Fall selling season has officially arrived! In October, contract signings in Manhattan and Brooklyn both increased annually across all the types of residential properties that we track for the first time in 18 months. According to a report by Miller Samuel for Douglas Elliman, it could be a sign that the market is stabilizing, especially as the Fed opted not to raise rates again in early November and subsequently announced it will hold its federal funds rate steady through most of the first half of next year. While the increase in activity is tied to the residual effects of the pandemic and last year’s market free fall after mortgage rates jumped, the uptick is definitely bringing some exciting momentum back to the City.
In Manhattan, that momentum included the first increase in new listings hitting the market in 16 months. With a rise in activity and inventory, prices surged week over week throughout October. In the first week of the month, 26 contracts were signed for homes asking $4 million or more, with a combined asking price of $228.7 million—the highest luxury market sum since mid-July. That’s a strong turnaround from last month’s Labor Day slump. Of those 26 homes to enter contract, 17 were condos, six were co-ops and three were townhouses.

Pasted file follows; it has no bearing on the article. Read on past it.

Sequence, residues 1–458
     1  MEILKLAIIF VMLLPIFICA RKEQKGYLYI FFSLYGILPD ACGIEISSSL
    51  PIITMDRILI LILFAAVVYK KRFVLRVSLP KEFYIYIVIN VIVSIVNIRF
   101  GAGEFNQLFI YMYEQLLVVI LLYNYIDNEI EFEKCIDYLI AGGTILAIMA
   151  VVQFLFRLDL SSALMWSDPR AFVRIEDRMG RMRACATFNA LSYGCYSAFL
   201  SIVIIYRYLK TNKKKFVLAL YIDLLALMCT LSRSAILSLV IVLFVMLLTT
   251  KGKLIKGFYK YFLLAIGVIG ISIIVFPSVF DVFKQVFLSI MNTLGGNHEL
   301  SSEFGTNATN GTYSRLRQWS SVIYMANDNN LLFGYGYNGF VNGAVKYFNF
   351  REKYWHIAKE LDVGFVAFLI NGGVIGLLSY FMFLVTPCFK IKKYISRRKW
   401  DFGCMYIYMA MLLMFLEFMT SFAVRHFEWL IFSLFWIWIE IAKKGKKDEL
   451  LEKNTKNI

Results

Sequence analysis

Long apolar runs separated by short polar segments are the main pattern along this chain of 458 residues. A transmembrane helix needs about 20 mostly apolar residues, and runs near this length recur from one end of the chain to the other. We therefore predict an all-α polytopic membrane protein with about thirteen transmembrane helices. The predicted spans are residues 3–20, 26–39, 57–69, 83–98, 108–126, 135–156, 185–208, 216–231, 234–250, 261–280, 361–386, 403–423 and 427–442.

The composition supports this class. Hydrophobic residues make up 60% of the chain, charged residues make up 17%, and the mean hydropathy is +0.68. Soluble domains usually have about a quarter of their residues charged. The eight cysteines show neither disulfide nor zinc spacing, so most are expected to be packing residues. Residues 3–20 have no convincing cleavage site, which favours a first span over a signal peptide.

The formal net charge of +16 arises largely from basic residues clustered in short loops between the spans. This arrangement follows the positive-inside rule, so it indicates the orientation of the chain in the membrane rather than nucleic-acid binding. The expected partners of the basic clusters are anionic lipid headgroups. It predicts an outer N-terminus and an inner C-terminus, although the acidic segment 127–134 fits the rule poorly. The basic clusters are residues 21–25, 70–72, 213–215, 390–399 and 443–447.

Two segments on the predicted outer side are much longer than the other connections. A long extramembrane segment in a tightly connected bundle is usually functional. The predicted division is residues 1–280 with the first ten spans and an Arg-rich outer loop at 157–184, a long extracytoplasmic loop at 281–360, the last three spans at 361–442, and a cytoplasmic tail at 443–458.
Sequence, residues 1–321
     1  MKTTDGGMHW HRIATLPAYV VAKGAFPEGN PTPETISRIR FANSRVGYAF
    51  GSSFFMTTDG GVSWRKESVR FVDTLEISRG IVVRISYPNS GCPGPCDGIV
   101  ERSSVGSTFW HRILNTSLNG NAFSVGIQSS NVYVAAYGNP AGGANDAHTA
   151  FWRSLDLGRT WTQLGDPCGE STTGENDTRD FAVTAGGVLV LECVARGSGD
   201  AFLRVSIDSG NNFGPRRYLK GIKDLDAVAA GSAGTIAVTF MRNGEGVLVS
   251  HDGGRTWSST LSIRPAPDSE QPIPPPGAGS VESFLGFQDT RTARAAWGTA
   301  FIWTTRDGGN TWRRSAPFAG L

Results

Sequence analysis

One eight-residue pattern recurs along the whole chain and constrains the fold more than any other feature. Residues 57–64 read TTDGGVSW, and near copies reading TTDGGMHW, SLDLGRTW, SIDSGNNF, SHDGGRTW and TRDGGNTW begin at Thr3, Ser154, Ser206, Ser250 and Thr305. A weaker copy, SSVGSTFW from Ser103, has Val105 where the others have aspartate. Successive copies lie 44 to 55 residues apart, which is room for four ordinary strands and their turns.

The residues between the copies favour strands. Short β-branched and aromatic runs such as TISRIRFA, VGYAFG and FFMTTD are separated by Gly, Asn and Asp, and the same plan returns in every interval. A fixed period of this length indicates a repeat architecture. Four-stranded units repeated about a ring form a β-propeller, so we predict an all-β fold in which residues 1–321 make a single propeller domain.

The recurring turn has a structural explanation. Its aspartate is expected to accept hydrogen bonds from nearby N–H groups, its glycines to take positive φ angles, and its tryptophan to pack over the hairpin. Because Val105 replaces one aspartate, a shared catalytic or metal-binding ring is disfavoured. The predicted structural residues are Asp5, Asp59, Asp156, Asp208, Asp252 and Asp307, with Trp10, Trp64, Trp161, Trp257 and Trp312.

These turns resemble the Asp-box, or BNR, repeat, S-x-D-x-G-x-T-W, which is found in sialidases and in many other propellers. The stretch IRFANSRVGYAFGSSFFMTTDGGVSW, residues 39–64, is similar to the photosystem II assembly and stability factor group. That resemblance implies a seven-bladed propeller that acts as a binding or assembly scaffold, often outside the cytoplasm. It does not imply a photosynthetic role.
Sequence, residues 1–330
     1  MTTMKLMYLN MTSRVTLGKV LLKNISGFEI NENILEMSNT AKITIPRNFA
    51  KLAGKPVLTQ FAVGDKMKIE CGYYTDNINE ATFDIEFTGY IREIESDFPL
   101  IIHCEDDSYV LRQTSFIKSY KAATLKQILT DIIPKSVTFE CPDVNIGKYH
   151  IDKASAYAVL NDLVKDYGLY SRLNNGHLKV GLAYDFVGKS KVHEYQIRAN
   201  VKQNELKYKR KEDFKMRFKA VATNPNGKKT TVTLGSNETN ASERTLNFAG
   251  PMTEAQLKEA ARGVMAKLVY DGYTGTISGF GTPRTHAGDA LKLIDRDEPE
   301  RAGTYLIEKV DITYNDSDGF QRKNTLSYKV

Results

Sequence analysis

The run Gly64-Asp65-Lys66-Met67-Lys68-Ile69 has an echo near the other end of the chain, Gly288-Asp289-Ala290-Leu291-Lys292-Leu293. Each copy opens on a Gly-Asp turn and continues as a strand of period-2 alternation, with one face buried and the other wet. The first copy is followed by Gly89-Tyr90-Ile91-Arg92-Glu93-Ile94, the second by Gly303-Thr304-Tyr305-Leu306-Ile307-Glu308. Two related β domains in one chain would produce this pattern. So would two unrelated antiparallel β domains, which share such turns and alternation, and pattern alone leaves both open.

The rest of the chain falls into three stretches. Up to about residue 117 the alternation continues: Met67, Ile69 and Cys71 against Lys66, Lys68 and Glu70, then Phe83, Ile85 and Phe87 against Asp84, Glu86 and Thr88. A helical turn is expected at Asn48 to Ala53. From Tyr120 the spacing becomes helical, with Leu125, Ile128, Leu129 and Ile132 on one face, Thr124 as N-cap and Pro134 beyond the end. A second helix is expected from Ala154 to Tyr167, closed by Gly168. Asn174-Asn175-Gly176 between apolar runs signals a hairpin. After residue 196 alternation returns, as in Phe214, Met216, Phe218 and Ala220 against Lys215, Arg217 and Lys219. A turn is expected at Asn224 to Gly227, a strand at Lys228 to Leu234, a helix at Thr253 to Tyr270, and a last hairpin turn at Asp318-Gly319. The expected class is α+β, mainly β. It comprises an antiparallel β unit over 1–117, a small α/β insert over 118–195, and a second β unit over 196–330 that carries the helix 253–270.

While according to a report from the New York Building Congress, the City is poised to notch its worst year of housing production since 2012, that’s paving the way for office-to-residential conversions to make some noise. Most notably, architect Daniel Burnham’s famous Flatiron Building at the intersection of Fifth Avenue and Broadway is going residential after 120 years as offices.
In Brooklyn, home sales fell by nearly a third last quarter compared to the same point in 2022, but October saw a particularly strong increase in newly signed contracts in the luxury market as the month progressed. Homes in Brooklyn Heights regularly ranked among the priciest in the borough’s weekly market reports. But while activity picked up, new listings continued to decline for the 15th consecutive month, keeping prices at a premium.
In Westchester, newly signed contracts have slipped annually for the 28th straight month and new listings continued to decline, keeping the market tight. But home prices have remained relatively consistent throughout the county, rising just 1.6 percent from the prior year. Four-bedroom homes showed their popularity with a year-over-year price increase of 6.6 percent.
Activity was also up in Miami. Newly signed contracts rose year over year for the first time in nearly 24 months and new listings expanded for the second month in a row. Seasonally, this is right on schedule—as the temperatures in Florida dip to the mid-80s, luxury real estate’s busy season is ushered in. Buyers and sellers are both flocking back to the South Florida market, and we love the return of predictable seasonality!